The deficit-reduction plans under consideration will accelerate this trend. Under current law, an average -income worker (that's someone making about $43,000 a year) is projected to get the inflation-adjusted equivalent of about $15,000 a year in Social Security benefits in 2050. Under the Simpson-Bowles plan, that would drop to about $12,700. That's not nothing, but it's not much. In fact, neither amount is very much. Social Security is not a generous program. It's actually among the least-generous of any developed nation, and in making it less so, we raise the question of what, exactly, seniors with insufficient retirement savings are supposed to do.

Social Security, after all, is not a minor part of most retirement incomes. For more than 20 percent of couples and 40 percent of individuals, it provides more than 90 percent of their retirement income. We can take some of those costs off the government's books, but then we need at least a theory for how seniors would make up the shortfall.

The best-case outcome is that they'll work longer, contributing more to the economy. But that's not always possible. Age discrimination is rampant. Employers know that younger workers are often more productive, and always cheaper, so they push out older workers or refuse to hire them. And once unemployed, it's particularly hard for older workers to find new jobs. It's something that's become all too clear in the current recession, which has seen a startling rise in long-term unemployment among older workers.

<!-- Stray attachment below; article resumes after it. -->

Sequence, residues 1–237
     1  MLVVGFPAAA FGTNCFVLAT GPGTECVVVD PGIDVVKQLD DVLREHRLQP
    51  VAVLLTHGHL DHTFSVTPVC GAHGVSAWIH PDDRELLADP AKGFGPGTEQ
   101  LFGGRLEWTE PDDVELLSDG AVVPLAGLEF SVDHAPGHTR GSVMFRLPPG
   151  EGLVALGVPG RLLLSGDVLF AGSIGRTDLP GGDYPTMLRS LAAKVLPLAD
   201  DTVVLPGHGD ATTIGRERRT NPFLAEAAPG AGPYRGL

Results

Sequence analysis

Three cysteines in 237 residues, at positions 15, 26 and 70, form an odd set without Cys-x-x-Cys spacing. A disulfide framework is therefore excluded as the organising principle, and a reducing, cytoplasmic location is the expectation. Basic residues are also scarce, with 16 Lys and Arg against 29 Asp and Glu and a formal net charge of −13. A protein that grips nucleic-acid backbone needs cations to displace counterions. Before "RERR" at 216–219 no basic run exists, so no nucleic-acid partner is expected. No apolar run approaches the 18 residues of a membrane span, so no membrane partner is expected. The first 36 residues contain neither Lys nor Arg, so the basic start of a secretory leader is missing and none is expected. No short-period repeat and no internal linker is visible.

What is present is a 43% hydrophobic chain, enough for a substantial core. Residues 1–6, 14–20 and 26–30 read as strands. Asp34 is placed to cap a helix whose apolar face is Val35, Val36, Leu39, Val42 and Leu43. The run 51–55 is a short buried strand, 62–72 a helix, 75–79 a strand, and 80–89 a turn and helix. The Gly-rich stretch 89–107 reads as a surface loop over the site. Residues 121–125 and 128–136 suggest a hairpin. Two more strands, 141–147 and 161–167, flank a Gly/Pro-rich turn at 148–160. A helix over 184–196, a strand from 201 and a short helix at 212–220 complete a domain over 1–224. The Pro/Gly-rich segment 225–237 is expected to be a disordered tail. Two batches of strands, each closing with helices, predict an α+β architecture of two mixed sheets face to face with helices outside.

There are policy solutions that might work, but they require looking at retirement security as a whole and not just as a subcategory of deficit reduction. Increasing benefits for low-income seniors even as you reduce benefits for high-income seniors probably makes sense. So, too, does automatic enrollment in 401(k)s, which has been shown to vastly increase participation. Hiltonsmith supports an expanded version of the 401(k) called a "guaranteed retirement account," in which contributions from employees, employers and the government would be mandatory.

And the problem involves more than just pensions. If we want seniors to work longer, we're going to have to think harder about why so many don't. Age discrimination is often part of it, and so, too, is physical exhaustion among those with manual jobs. Many experts suggest that the typical retirement - where you go from working one day to not working the next - could be replaced by partial retirement, where workers move to more flexible, part-time arrangements as they get older.

Shifting risk is not the same as eliminating it, and sometimes can even add to it. With the rise of 401(k)s, fewer employers need to worry about pension costs, but more workers need to worry about retirement security. As Congress and state governments turn to address the solvency of Social Security and state pension systems, they need to do more than just continue moving the costs to retiring workers. We need to solve our budget problems, of course, but in a way that doesn't worsen our retirement problems.